What does the idiom "put sb's name forward" mean?

The phrase put sb's name forward is often used in English, but what does this idiom mean? When idioms are used in the right situations, they strengthen communication and enrich the language. You can communicate more effectively by learning the meaning of put sb's name forward.

Meaning of "put sb's name forward"


The phrase “put sb’s name forward” is an idiom meaning to propose someone, usually for a job or role. It can be used to describe a situation where someone suggests that another person should be considered for a particular position or task.


This idiom has its origins in the military and political realms. In military terms, regiments and battalions would move forward under the leadership of one particular individual – and so the phrase, “put sb’s name forward”, first came to be used to refer to the process of suggesting someone to lead a cause or task.

In the political realm, this phrase is used to nominate candidates in elections. In this sense, it can mean to propose that a person should become the leader or representative of a certain group.


This phrase is typically used when talking about a job or a role where a person is being presented as a suitable choice for the position. It is often used in the context of making a formal recommendation or nomination. For example:

“After much deliberation, we’ve decided to put John’s name forward for the position of CEO.”

It is also used more informally to refer to the process of suggestion or recommendation of someone for a job or position without necessarily making a formal recommendation. For example:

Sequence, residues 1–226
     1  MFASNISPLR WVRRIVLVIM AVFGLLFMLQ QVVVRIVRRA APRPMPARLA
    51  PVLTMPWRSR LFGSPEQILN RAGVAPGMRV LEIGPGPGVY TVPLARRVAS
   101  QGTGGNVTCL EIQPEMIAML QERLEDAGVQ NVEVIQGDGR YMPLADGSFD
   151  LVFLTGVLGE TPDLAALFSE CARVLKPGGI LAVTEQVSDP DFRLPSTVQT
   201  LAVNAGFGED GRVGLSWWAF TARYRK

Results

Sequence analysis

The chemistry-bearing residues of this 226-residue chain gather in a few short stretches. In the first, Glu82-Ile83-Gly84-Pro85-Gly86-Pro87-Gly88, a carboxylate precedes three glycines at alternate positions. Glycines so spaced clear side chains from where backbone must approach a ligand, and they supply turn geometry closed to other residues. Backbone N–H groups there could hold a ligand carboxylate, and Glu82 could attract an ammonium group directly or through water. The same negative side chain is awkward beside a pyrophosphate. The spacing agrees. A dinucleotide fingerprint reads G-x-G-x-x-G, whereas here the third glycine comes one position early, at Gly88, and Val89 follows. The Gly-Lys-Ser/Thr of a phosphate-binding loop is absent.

“We should put Peter’s name forward for the job; I think he would be perfect for it.”

Example Sentences

  • “I would like to put my colleague’s name forward for the role of project manager.”
  • “We should put Sally’s name forward for the job; she has the right experience and qualifications.”
  • “I think we should put John’s name forward for the board of directors.”
  • “Let’s put Jane’s name forward for the position; she’s the most qualified person for the job.”

The meanings of the words in the "put sb's name forward" idiom

The Surprising Origins of Everyday English Idioms

Many English idioms have surprisingly dark origins, often rooted in violence, death, and superstition. For instance, the phrase "raining cats and dogs" is said to have originated in the 17th century, when heavy rain would often cause dead animals to wash up on the streets. Meanwhile, the idiom "rule of thumb" is believed to have originated from a law that allowed men to beat their wives with a stick no thicker than their thumb.


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